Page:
Hypertext Webster Gateway: "need"

From Webster's Revised Unabridged Dictionary (1913) (web1913)

Need \Need\, v. t. [imp. & p. p. {Needed}; p. pr. & vb. n.
{Needing}.] [See {Need}, n. Cf. AS. n?dan to force, Goth.
To be in want of; to have cause or occasion for; to lack; to
require, as supply or relief.

Other creatures all day long Rove idle, unemployed, and
less need rest. --Milton.

Note: With another verb, need is used like an auxiliary,
generally in a negative sentence expressing requirement
or obligation, and in this use it undergoes no change
of termination in the third person singular of the
present tense. ``And the lender need not fear he shall
be injured.'' --Anacharsis (Trans. ).

From Webster's Revised Unabridged Dictionary (1913) (web1913)

Need \Need\, n. [OE. need, neod, nede, AS. ne['a]d, n[=y]d; akin
to D. nood, G. not, noth, Icel. nau[eth]r, Sw. & Dan. n["o]d,
Goth. naups.]
1. A state that requires supply or relief; pressing occasion
for something; necessity; urgent want.

And the city had no need of the sun. --Rev. xxi.

I have no need to beg. --Shak.

Be governed by your needs, not by your fancy. --Jer.

2. Want of the means of subsistence; poverty; indigence;
destitution. --Chaucer.

Famine is in thy cheeks; Need and oppression
starveth in thine eyes. --Shak.

3. That which is needful; anything necessary to be done;
(pl.) necessary things; business. [Obs.] --Chaucer.

4. Situation of need; peril; danger. [Obs.] --Chaucer.

Syn: Exigency; emergency; strait; extremity; necessity;
distress; destitution; poverty; indigence; want; penury.

Usage: {Need}, {Necessity}. Necessity is stronger than need;
it places us under positive compulsion. We are
frequently under the necessity of going without that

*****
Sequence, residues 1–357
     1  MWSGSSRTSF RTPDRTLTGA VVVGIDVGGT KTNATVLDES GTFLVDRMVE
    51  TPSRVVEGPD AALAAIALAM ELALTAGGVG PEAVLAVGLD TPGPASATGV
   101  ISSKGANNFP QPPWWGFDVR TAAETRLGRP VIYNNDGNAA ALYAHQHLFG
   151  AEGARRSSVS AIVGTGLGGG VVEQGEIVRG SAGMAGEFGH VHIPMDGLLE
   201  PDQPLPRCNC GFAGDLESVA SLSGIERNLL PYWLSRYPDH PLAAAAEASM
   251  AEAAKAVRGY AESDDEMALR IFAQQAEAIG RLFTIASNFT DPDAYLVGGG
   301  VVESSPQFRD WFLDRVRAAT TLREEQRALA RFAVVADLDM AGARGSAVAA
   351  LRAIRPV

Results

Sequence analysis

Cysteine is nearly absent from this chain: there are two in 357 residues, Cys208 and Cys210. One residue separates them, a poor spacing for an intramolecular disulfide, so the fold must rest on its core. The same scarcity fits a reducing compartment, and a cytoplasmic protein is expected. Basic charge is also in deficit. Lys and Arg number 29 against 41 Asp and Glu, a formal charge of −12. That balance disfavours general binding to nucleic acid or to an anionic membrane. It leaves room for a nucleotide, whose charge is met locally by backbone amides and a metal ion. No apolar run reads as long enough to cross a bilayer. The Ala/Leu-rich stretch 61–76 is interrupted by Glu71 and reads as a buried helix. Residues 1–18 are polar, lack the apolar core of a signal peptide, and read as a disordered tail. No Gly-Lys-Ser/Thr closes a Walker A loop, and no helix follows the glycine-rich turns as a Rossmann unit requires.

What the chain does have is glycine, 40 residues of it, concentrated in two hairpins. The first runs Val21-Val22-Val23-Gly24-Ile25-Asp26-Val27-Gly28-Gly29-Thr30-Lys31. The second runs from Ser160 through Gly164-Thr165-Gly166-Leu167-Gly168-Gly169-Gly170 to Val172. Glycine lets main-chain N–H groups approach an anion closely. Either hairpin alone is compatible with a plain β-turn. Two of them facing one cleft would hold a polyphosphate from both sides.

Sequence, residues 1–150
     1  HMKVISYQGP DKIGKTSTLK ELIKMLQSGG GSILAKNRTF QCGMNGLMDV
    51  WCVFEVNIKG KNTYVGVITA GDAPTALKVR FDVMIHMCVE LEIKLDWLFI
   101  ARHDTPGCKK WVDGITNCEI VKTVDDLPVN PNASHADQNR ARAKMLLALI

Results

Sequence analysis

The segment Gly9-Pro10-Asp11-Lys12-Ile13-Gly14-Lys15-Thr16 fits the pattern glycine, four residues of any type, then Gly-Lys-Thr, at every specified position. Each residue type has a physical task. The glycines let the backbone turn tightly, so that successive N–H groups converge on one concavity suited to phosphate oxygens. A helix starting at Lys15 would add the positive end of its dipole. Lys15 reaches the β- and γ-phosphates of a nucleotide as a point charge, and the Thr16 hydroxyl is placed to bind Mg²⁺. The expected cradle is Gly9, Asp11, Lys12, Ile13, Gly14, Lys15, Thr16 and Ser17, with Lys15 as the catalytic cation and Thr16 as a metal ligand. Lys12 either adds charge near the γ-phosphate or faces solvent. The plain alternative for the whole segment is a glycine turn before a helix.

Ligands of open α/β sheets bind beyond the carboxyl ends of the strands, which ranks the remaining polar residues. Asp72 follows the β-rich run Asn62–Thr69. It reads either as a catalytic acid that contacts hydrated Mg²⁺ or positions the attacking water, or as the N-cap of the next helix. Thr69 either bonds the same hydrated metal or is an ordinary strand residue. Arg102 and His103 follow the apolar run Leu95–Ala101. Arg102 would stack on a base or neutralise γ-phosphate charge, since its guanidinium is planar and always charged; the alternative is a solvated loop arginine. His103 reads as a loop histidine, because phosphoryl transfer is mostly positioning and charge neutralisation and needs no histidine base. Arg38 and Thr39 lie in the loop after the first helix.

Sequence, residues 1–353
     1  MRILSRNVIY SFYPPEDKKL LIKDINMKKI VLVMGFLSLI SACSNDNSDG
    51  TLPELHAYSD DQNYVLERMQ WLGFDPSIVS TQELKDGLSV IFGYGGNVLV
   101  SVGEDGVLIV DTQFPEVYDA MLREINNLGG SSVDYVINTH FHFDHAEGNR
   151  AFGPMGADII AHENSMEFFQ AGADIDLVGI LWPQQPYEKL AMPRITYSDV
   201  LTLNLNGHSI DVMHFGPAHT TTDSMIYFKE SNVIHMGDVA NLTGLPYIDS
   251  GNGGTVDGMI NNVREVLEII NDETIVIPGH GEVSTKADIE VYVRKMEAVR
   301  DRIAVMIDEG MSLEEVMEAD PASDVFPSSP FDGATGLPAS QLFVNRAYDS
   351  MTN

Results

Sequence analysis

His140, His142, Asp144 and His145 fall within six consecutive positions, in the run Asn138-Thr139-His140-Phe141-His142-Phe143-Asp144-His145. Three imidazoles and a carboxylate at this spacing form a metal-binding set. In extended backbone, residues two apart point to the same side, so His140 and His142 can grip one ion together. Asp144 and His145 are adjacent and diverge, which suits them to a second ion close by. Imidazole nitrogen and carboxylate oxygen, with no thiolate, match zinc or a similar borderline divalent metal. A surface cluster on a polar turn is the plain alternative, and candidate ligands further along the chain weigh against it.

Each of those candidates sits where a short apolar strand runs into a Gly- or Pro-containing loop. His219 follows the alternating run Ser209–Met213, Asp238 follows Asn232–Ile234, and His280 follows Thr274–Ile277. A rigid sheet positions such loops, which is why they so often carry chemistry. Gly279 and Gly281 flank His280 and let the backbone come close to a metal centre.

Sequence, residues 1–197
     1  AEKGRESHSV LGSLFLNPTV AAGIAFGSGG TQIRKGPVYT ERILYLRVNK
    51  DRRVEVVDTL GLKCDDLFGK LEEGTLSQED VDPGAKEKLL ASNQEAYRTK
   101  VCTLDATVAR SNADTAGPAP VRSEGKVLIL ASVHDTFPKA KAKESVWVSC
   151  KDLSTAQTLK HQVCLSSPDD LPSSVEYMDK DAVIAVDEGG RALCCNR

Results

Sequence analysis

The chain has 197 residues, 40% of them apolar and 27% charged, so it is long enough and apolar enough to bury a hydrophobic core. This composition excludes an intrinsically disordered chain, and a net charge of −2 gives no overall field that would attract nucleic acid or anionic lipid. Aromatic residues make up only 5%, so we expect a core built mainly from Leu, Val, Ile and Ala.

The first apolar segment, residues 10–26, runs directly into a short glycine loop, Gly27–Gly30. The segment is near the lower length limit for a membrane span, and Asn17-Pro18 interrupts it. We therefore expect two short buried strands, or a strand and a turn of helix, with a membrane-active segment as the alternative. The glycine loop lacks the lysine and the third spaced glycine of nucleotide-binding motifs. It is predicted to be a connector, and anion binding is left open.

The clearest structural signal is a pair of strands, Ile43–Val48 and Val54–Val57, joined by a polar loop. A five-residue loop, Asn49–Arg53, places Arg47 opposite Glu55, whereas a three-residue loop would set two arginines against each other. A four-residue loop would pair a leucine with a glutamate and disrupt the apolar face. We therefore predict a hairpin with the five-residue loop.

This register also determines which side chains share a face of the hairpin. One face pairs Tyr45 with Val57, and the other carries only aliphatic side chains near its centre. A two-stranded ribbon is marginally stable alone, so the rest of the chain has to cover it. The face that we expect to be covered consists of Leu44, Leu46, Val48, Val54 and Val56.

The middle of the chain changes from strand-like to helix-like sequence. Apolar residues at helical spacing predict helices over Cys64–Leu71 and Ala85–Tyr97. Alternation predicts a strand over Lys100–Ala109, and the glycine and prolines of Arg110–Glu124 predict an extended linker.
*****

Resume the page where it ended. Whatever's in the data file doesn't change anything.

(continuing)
of which we stand very greatly in need. It is also
with the corresponding adjectives; necessitous
circumstances imply the direct pressure of suffering;
needy circumstances, the want of aid or relief.

From Webster's Revised Unabridged Dictionary (1913) (web1913)

Need \Need\, v. i.
To be wanted; to be necessary. --Chaucer.

When we have done it, we have done all that is in our
power, and all that needs. --Locke.

From Webster's Revised Unabridged Dictionary (1913) (web1913)

Need \Need\, adv.
Of necessity. See {Needs}. [Obs.] --Chaucer.

From WordNet (r) 1.7 (wn)

n 1: a condition requiring relief; "she satisfied his need for
affection"; "God has no need of men to accomplish His
work"; "there is a demand for jobs" [syn: {demand}]
2: anything that is necessary but lacking; "he had sufficient
means to meet his simple needs"; "I tried to supply his
wants" [syn: {want}]
3: the psychological feature that arouses an organism to
action; the reason for the action; "we did not understand
his motivation"; "he acted with the best of motives" [syn:
{motivation}, {motive}]
4: a state of extreme poverty or destitution; "their indigence
appalled him"; "a general state of need exists among the
homeless" [syn: {indigence}, {penury}, {beggary}, {pauperism}]
v 1: require as useful, just, or proper; "It takes nerve to do
what she did"; "success usually requires hard work";
"This job asks a lot of patience and skill"; "This
position demands a lot of personal sacrifice"; "This
dinner calls for a spectacular dessert" [syn: {necessitate},
{ask}, {require}, {take}, {involve}, {call for}, {demand}]
[ant: {obviate}]
2: have need of: "This piano wants the attention of a competent
tuner" [syn: {want}, {require}]
3: be obliged, required, or forced to; "She has to get her
driver's license" [syn: {must}, {have}, {have got}]
4: be in want of
5: be logically necessary [syn: {should}, {ought}, {must}]
6: have or feel a need for: "always needing friends and money"

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